Dr, Kelly has asked us to complete this activity:
In this activity, begin by reflecting on your reading of “National Parks for New Audiences.”
Respond to the following questions in a blog post:
- How well, if at all, do Cosset and Chalana incorporate ideas we’ve discussed in our work on teaching historical thinking in their essay?
- Given what you’ve learned thus far, what advice would you give the National Park Service on how best to use their historic sites to teach to a more diverse audience?
In their piece, “National Parks for New Audiences, Cosset and Chalana present readers with a history of Whitman Mission National Historic Site and San Juan Island National Park. In addition, the authors discuss the efforts that have been made to change the sites and to be sensitive to issues of diversity.
They’re also very careful to point out the shortcomings in the interpretation of the sites, and the stress that these shortcomings sometimes cause for the interpreters. They ask questions about the ways that the sites are interpreted and offer interpretations of their strengths and weaknesses.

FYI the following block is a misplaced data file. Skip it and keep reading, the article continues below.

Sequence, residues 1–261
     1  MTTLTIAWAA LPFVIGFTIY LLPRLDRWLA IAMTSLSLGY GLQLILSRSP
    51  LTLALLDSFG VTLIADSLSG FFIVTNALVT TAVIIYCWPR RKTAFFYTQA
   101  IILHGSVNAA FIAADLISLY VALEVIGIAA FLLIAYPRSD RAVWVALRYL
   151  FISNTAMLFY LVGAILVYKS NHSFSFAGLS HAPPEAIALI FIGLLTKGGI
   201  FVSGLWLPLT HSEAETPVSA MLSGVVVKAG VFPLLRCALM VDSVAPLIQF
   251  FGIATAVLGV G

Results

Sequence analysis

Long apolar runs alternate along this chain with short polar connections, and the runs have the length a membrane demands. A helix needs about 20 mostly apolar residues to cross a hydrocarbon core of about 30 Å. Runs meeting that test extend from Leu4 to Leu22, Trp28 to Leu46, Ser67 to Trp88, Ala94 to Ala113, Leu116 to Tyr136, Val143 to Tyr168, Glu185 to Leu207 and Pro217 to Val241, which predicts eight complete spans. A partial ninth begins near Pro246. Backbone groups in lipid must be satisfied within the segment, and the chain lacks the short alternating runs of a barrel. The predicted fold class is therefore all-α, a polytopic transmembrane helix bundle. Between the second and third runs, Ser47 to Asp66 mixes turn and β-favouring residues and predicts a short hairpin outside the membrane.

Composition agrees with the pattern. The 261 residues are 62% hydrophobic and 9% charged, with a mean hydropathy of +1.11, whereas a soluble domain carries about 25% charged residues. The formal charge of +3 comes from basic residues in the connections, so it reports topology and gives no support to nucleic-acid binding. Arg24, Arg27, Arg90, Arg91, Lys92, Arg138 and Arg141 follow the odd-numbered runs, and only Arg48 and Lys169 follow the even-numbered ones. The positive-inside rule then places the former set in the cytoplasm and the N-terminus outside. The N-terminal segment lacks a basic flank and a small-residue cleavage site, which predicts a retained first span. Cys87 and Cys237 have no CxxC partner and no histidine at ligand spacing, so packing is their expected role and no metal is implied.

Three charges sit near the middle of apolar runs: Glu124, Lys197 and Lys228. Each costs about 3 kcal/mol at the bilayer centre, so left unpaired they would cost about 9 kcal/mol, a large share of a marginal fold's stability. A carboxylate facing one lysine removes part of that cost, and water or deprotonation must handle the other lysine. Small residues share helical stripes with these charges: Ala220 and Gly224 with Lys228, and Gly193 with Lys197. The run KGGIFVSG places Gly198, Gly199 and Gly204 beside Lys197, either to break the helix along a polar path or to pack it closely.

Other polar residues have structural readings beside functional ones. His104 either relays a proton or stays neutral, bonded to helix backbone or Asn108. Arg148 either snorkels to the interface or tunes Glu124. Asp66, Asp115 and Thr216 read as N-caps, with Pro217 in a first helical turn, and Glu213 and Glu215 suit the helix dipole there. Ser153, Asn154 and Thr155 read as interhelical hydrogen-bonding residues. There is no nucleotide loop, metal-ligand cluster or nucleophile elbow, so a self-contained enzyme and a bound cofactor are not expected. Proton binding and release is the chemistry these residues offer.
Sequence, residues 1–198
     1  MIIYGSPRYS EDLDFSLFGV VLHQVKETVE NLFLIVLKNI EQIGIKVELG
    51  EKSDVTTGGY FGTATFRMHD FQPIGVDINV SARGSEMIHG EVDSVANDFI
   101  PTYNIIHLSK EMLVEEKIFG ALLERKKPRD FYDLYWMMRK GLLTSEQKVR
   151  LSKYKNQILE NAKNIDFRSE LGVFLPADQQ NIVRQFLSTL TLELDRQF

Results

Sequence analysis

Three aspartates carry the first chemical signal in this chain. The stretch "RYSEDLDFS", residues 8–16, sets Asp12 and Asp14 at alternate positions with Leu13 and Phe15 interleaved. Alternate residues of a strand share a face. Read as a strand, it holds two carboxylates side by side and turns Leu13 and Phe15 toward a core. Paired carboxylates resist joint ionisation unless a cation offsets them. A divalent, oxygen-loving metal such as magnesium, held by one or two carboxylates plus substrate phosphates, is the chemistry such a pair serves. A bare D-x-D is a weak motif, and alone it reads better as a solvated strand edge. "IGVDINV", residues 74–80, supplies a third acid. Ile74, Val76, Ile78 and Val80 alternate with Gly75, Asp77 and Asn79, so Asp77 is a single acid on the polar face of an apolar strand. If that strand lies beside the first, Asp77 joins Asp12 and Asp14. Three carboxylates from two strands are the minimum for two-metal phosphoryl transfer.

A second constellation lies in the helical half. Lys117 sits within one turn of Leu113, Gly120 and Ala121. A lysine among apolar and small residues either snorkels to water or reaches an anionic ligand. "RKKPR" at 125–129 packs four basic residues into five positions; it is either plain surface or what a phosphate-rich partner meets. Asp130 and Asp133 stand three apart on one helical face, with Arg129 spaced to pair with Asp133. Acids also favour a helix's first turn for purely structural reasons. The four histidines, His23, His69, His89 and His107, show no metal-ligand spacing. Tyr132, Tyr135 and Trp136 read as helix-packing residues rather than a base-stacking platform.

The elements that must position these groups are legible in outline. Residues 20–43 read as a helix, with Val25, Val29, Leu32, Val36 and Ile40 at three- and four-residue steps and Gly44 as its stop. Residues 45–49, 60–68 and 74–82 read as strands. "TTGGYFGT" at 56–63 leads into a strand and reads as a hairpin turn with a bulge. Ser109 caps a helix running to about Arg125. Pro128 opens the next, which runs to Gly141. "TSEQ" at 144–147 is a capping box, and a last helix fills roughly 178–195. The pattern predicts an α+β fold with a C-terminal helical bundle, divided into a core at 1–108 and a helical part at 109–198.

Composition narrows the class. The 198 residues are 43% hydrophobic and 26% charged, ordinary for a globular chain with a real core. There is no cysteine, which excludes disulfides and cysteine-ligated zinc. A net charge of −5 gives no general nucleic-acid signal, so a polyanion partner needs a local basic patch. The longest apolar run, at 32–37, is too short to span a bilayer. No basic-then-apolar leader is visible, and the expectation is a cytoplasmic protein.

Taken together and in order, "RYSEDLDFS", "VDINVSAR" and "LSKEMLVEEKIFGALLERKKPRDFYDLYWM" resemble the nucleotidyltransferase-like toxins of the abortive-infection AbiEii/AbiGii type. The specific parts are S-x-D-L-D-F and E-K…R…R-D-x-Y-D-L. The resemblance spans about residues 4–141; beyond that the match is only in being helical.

I like how the authors discuss both the online and on-site interpretations of the sites. For example, they note:
“The on-site experience at WM-NHS largely mirrors the complexity of its online
presence. Site managers have clearly attempted to address the conflict with an
even-handed approach that actively incorporates Native voices and their critiques
of settlers’ actions and openly presents the site’s history of commemoration and
Both presenting complex histories to diverse audiences and the evaluation of public historians who are doing so are crucial in the Twenty-First Century. We have been discussing asking questions and talking about coverage and “uncoverage.” The authors are interested in these questions as well.
All semester, we have been talking about the need to reach audiences in any way that we can, and how important it is to have quality online and on-site presences.
My advice would be to conduct thorough research and to present both painful and pleasant experiences in American history. They should make sure that many different types of voices are heard, as well, including oral histories and having curators and guest curators from many different backgrounds. These interpretations should be presented in ways that reach many types of audiences, including interpreters who know different languages and apps which allow for translation. I suggest tackling the tough issues with as many primary sources as possible and with lots of tact.
Coslett, Daniel E., and Manish Chalana. “National Parks for New Audiences. Diversifying Interpretation for Enhanced Contemporary Relevance.” The Public Historian 38, no. 4: 101-128. November 2016.